NATICK, Mass. (AP) – Medical device maker Boston Scientific has received European marketing approval for its latest drug-coated stent technology, which prevents blocked arteries.
The company said it will begin marketing its Promus Element stent in the European Union immediately. The device replaces the older Promus stent, which is Boston Scientific’s version of Abbott Laboratories’ Xience stent. Boston Scientific pays a 40 percent royalty to Abbott on all sales of the stents.
All revenue from the new stent will go directly to Boston Scientific.
“This is an important psychological and financial positive for the company and the stock,” said Leerink Swann analyst Rick Wise, in a research note.
Stents are mesh metal tubes used to prop open arteries after the vessels have been cleared of fatty plaque. The drug coatings are designed to prevent scar tissue from growing back through the mesh and causing blockage.
Wells Fargo analyst Larry Biegelsen said the approval is “critical” for Boston Scientific, because the company’s European supply agreement with Abbott expires later this month.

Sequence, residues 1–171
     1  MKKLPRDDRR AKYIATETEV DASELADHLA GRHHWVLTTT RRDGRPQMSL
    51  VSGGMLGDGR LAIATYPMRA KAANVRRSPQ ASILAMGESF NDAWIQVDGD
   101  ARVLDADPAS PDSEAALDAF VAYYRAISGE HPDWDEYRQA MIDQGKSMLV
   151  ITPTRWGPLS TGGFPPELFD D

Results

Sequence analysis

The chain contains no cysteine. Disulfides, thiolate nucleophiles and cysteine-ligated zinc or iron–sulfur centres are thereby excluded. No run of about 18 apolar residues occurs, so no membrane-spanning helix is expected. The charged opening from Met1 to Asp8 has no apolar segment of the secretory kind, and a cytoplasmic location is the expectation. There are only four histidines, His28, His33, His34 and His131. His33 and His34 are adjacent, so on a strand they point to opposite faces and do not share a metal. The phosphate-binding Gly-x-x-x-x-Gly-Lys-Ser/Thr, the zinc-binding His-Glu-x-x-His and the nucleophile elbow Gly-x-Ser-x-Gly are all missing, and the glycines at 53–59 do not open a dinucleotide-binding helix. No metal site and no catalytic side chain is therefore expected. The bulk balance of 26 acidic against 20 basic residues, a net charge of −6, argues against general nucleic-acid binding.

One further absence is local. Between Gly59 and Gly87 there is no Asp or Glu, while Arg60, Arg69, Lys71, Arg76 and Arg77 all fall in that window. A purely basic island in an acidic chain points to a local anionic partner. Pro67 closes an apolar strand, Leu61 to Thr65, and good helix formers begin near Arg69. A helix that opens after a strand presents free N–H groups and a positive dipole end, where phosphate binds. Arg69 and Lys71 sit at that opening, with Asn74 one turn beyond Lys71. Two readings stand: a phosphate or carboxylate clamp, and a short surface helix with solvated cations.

Biegelsen expects combined sales of $192 million for Promus and Promus Element this year, rising to $257 million by 2013.
Boston Scientific said Promus Element is made from an alloy that is more flexible than older stents, making the device easier to implant.
Analysts say sales of the new stent could offset lower sales of Boston Scientific’s older stent platform. Two recent studies showed the company’s Taxus stent was inferior at preventing safety problems compared with those from competitor Abbott Laboratories.
Earlier this fall, Boston Scientific completed enrollment of a study to support U.S. approval of Promus Element. The company expects Food and Drug Administration approval by 2012.
Date: November 2, 2009
Source: Associated Press
Filed Under: Drug Discovery